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2a - Tranche 2 project fact sheets

South Midlands Network

The project road comprises sections of the trunk road network in the Counties of Leicestershire, Northamptonshire and Bedfordshire, and to a lesser extent Buckinghamshire and Oxfordshire. Centred on the A6 and A43 trunk routes where they intersect at Kettering, it also includes sections of the A421 and A428.

South Midlands Network

A6 trunk routes
  • A6 Great Glen Bypass
  • A6 Rushden and Higham Ferrers Bypass
  • A6 Rothwell and Desborough Bypass
  • A6 Clapham Bypass

The section of the strategic north-south A6 trunk road included in this project extends from the southern outskirts of Leicester to the north side of Luton. Whilst principally rural in character, this section of the A6 passes through a number of towns and villages.

A43 trunk routes
  • A43 Silverstone Bypass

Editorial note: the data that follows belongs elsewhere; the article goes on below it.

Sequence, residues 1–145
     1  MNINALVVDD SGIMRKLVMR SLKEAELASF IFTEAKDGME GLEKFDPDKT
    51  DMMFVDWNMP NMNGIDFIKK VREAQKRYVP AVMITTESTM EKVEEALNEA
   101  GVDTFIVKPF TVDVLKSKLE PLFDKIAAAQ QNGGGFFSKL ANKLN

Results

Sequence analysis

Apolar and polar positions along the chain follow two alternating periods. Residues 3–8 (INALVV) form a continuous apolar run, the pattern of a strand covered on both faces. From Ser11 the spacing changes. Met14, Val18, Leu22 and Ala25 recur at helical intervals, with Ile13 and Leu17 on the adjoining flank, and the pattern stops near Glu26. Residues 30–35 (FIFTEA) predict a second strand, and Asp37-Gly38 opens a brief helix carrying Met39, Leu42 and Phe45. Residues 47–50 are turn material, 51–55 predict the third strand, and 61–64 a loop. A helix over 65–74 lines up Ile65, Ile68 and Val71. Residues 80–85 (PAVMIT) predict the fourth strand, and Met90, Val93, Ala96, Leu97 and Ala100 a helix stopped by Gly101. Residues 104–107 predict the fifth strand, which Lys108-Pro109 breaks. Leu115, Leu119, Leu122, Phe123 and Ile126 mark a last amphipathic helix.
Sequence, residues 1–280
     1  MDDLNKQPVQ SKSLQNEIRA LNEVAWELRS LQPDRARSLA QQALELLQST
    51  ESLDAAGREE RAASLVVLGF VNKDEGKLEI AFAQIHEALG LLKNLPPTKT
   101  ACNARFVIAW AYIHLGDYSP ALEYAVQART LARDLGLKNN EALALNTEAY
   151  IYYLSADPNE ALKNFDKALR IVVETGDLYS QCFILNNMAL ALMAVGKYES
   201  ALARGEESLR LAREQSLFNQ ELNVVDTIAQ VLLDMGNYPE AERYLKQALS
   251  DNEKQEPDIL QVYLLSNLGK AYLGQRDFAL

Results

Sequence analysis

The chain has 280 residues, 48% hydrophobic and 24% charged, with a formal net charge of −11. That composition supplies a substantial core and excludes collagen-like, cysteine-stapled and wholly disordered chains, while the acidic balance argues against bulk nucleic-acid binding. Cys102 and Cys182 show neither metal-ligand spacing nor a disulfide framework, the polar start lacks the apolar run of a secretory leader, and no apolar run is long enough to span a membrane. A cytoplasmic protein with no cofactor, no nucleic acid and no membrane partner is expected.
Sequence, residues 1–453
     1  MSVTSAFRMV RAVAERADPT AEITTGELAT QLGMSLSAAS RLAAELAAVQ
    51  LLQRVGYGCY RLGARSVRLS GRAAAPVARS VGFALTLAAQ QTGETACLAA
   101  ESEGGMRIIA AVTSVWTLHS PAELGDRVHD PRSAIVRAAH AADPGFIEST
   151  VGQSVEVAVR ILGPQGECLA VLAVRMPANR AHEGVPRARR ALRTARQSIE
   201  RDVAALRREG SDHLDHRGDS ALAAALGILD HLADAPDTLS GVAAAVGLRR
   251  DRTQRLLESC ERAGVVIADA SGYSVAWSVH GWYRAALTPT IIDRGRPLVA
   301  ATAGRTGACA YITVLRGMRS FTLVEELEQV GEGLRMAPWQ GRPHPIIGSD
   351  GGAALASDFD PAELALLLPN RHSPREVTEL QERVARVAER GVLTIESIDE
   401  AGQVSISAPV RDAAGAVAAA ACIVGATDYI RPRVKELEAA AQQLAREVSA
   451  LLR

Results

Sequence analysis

• A43 Whitfield Turn to Brackley Hatch Dualling
  • A43/M40 to B4301 Improvement

The A43 trunk route forms an important north-south connection between the A1 to the south-west of Stamford and Junction 10 on the M40 to the north of Oxford. The route is generally rural in character, with discontinuities at the two major urban areas, Kettering and Northampton.

A428 Norse Road Link

The A428 is an east-west route linking Coventry in the West Midlands to Cambridge and the east ports beyond via the A14. The A421 is a rural primary route, which currently extends from Bicester to the A6 south of Bedford. The Bedford Southern Bypass, which has now been constructed, will provide a link between the existing A421 to the south of Bedford and the A428 to the east.

The A428 Norse Road Link scheme was withdrawn following the roads review of July 1998 and the remaining schemes (A43 &A6 trunk routes) were conventionally procured under the TPI.

Length of project road: 251km
Estimated Construction Costs: £116 million
Date of ITT issue: 3rd March 1997
Date of suspension: 19th June 1997
Type of road: Dual 2 carriageway

Highways Agency advisers

Technical: Halcrow Group Ltd
Legal: Denton Hall
Financial: Hambros/Pricewaterhouse
Design Agent: Bingham Cotterell, Northamptonshire C.C., Peter Fraenkel & Ptnrs, Thorburn Colquhoun
Cumbria to Bradford

Cumbria to Bradford